why do you use mongodb?

Several Fools have said they can’t find a use for MongoDB so the question I posed to Google was:

why do you use mongodb?


A nice list of pro and con articles show up. Have fun!

What’s clear from the titles of the articles is that document based databases, a.k.a. NoSQL, are still in their infancy. Relational still holds the minds of most developers. A look at the Technology Adoption Life Cycle chart superimposed with Gartner’s Hype Cycle gives a good idea where MongoD might be:


If MongoDB has 8% market share it is still selling to early adopters. Somewhere around 15% market share might be considered having gone mainstream and that’s probably a safer time to invest. The risk now is the trough of disillusionment when the stock can easily fall by 50%. MDB’s all time high is around 108, a 50% drop is to 54. My cost basis is $61 down from 68.67 which was my entry price (trading and selling covered calls).

Had the dip been larger I would have bought some trading shares but I had to be content trading covered calls

Denny Schlesinger

The image comes from this article which is way too complicated for me.

Technology-adoption, technology-evolution and lifecycle-management



I’ve spent some time pondering how to explain the NoSQL case and this is what I came up with.

The difference is in the use case. SQL was designed with a specific use case in mind, basically a book keeping system. It is based on three basic assumptions

  1. Your data comes in relatively small batches
  2. You have 100% control over the incoming data
  3. You expect 100% reliability from the data stored in your database (or as close to 100% as you can get)

As I said, essentially something like a book keeping system. Incoming data is something like an invoice. It’s small and you can force whoever is storing it into the system to adhere to the rules: it has to have a date in a certain format, company information that is properly defined, dollar amount etc. It can be that your system is serving a thousands of companies and you are processing a lot of invoices at any given moment, but each transaction is well manageable within a computer’s active memory. And as per point 3) you are expecting the information stored to be bulletproof, because you are using the data for submitting your taxes.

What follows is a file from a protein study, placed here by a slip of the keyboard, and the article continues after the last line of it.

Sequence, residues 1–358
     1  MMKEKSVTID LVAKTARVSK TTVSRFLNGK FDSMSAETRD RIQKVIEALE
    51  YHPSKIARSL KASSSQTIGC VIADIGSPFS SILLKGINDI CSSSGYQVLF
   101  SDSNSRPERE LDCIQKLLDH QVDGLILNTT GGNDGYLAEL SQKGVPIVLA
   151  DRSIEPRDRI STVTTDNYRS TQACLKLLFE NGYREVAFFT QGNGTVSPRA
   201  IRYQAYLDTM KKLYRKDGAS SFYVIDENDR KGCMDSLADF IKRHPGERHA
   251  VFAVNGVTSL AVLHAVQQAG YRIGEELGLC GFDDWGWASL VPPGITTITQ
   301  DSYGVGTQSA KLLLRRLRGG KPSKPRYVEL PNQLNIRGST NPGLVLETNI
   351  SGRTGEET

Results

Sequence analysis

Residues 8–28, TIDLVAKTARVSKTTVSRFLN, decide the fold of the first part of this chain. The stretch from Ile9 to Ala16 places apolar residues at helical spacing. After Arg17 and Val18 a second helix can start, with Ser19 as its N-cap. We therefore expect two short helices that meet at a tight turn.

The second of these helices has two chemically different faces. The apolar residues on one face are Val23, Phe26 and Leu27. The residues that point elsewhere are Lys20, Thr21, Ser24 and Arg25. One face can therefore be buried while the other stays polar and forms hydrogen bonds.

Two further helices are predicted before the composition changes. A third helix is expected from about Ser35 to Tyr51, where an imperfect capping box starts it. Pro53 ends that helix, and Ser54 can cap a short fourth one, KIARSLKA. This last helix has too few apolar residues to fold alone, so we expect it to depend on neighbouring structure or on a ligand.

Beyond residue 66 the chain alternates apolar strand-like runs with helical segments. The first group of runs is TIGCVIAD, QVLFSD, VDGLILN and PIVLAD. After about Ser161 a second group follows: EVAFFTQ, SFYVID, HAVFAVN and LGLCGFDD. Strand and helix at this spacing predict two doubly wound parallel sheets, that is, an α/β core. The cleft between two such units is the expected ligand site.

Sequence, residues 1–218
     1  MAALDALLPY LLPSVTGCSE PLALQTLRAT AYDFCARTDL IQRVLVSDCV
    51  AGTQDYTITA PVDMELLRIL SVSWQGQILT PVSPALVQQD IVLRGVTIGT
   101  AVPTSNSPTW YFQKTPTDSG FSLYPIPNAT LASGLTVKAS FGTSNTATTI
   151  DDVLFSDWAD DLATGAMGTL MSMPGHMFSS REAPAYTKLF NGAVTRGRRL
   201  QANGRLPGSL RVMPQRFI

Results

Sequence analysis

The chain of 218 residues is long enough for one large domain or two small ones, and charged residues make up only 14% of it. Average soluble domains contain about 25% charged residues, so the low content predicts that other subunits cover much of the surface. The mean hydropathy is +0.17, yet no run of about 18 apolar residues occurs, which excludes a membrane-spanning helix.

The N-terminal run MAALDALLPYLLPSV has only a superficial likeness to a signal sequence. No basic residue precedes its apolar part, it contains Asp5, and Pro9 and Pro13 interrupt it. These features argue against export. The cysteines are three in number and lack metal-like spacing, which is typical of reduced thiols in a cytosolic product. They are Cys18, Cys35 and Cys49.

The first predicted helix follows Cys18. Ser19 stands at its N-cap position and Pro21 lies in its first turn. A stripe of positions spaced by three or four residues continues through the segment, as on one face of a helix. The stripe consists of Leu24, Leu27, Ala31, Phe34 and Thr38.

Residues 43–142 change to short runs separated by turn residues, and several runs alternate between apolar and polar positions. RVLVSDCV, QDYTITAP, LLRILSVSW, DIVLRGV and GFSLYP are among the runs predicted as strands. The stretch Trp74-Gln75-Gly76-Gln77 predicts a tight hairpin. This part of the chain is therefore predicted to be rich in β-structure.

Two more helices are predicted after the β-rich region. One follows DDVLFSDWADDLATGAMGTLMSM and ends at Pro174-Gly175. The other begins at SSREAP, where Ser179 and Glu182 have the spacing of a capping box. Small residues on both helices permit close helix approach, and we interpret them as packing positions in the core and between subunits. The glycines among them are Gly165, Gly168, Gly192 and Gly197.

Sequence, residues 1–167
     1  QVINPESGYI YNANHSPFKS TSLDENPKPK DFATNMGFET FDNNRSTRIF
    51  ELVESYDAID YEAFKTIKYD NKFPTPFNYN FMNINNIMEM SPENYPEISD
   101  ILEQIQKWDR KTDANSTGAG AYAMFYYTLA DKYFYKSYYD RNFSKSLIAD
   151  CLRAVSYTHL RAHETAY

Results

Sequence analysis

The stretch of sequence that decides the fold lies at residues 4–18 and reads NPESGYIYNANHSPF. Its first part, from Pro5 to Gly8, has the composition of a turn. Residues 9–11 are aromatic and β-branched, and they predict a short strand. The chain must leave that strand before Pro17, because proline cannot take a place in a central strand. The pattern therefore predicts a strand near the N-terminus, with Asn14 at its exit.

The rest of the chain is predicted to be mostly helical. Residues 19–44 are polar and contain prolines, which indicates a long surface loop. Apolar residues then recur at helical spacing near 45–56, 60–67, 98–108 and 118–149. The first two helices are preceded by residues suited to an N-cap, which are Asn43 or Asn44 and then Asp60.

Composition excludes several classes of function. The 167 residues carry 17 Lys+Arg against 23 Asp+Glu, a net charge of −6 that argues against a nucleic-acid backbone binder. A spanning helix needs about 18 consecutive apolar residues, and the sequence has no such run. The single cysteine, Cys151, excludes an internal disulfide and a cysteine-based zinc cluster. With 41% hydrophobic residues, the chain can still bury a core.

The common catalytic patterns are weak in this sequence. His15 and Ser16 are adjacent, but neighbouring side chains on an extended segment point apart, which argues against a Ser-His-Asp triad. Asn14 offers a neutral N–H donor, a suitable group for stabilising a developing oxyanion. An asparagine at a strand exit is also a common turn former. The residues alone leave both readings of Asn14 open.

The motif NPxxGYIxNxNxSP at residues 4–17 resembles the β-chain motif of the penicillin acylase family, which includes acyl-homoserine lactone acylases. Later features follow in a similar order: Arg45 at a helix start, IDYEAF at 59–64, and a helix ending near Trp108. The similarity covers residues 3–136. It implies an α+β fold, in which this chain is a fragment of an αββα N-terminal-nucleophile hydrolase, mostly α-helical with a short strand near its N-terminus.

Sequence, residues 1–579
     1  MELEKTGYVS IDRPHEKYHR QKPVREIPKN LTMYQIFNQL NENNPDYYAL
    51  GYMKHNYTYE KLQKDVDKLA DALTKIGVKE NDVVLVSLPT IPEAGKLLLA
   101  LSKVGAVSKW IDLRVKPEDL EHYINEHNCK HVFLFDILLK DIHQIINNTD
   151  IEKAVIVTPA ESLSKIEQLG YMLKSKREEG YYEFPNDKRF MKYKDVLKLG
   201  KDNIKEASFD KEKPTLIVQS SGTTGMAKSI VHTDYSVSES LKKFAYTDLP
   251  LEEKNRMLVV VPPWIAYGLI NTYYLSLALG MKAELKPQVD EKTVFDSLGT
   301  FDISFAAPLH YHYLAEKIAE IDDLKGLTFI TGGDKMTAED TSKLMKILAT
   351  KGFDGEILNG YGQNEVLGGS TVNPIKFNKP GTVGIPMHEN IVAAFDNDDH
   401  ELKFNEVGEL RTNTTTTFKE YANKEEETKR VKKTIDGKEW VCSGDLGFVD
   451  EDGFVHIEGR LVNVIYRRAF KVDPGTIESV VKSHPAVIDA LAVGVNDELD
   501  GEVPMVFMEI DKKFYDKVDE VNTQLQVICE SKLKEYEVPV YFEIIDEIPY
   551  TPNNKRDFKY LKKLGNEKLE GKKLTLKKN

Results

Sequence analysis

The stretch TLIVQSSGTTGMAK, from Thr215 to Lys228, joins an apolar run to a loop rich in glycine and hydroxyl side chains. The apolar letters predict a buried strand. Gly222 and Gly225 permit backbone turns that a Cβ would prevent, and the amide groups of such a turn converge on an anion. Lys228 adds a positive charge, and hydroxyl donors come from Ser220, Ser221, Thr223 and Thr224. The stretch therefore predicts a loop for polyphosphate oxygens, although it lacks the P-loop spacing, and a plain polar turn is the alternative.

Now imagine the complete opposite of those assumptions.

  1. Your data comes in extremely large batches
  2. You have very little control over the incoming data
  3. You don’t care about 100% reliability

This is the data mining system:
“Here’s 3 terrabytes of data from 92 of our facilities. You’ll get another 3-5 TB each week. Oh and our facilities have differrent combinations of equipment running different software versions so don’t expect the data to be in a unified format plus the composition may change every week. Use it to compile useful statistical data and maybe optimize some of our processes.”

This is a nightmare scenario for a SQL database. Modern SQL systems have adapted over the years to be more flexible than the original 80s era rigid book-keeping like systems but still you probably would have to dump most of the data and concetrate on the 5% of it that is in the same format and then slowly build translators for additional data sets to feed a bit more of the rest of the data.
NoSQL like MongoDB on the other hand is perfect for this. You can load the whole mess of your data on it first and ask questions later - sort your data out, bring it to a common format, run statistics etc. You don’t care about only having 100% reliable data in your system, what you care about is for the data to have statistical significance.

If you look at the system you want to build, it will probably be somewhere between the two extremes but the closer it is to the billing system the better off you are with a SQL database and the closer it is to a data mining one, the better MongoDB will be for you.